Is Steven Crowder actually demonetized on YouTube?
It’s hard to tell. Carlos Maza, a former Media Matters activist and current bad actor at Vox, decided that he had heard quite enough from the Mug Club proprietor. He launched a campaign to de-platform Crowder, compiling a video of Crowder’s “bullying” and rallying his journalist buddies to make it go viral.
At first, it looked like YouTube wouldn’t bend to Maza’s pressure campaign. In a threaded reply on Twitter, they explained that while they didn’t agree with Crowder’s speech, it wasn’t a terms of service violation. Maza and his buddies were not fans:
Then, within 24 hours, YouTube reversed themselves; saying that Crowder would in fact be demonetized. Then, a few hours later, they reversed themselves again; saying that Crowder would be re-monetized, so long as he removed one particularly pointed shirt from his merchandise store.
How is Maza, an activist at a totally disreputable media outlet, able to leverage his power and have YouTube running scared?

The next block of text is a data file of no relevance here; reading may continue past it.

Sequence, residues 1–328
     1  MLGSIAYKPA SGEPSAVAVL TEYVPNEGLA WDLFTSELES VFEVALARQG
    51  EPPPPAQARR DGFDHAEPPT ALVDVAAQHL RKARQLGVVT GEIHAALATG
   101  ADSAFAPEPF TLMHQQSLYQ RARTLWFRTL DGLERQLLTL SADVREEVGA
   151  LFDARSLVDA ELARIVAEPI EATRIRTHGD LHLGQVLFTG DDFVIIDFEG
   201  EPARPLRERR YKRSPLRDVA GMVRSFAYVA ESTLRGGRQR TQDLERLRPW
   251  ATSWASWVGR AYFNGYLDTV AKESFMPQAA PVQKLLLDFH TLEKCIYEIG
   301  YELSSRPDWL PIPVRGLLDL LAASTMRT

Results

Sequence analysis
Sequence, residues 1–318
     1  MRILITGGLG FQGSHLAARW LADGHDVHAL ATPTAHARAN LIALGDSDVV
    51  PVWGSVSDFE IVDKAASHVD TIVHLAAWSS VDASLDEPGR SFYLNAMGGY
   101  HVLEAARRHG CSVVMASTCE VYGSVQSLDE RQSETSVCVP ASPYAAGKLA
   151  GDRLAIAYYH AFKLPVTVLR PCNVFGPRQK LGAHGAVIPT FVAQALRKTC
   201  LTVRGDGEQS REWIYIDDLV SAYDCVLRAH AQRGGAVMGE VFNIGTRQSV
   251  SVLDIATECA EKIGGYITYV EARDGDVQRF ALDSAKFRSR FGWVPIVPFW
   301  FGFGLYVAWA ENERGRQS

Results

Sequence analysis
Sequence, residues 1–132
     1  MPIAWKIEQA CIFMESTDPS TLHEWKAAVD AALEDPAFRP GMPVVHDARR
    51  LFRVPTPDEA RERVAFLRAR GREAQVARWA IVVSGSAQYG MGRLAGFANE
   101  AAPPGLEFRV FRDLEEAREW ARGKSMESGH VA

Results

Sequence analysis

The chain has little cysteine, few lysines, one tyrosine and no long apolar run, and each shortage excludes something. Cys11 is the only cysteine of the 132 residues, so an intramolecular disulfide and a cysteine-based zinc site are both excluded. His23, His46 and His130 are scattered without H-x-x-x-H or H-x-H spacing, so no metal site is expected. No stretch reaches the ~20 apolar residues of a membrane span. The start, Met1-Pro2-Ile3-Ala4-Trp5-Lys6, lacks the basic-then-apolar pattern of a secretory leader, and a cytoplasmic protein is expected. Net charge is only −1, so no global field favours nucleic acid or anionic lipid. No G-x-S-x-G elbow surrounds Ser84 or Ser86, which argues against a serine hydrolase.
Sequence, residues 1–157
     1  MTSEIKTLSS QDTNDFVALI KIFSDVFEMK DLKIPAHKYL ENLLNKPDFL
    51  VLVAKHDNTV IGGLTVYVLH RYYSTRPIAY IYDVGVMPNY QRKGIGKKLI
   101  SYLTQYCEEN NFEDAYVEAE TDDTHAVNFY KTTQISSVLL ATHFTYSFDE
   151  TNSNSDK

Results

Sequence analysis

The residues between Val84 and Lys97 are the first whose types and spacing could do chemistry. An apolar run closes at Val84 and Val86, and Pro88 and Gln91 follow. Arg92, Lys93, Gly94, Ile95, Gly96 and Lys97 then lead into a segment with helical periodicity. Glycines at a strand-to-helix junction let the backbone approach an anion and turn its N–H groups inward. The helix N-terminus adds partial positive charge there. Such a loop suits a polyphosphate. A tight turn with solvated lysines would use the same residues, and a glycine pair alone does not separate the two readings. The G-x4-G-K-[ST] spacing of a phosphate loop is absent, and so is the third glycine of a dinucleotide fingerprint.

Maza’s pressure campaign has caused plenty of collateral damage, catching Ford Fischer and others in a widespread demonetization.
This episode raises at least two interesting questions.
First, how is Maza getting away with his shenanigans? Maza advocates political violence against conservatives almost as a matter of routine. How is he able to do that – and then turn around and demand that a conservative influencer be de-platformed for “bullying” – with no one in the media calling him out for it?
Second, why is YouTube being so fickle? YouTube’s market position is dominant; by some measures, they have 75% of the online video platform market. How is Maza, an activist at a totally disreputable media outlet, able to leverage his power and have YouTube running scared?
PEASANTS ARE NOT ALLOWED TO BE RUDE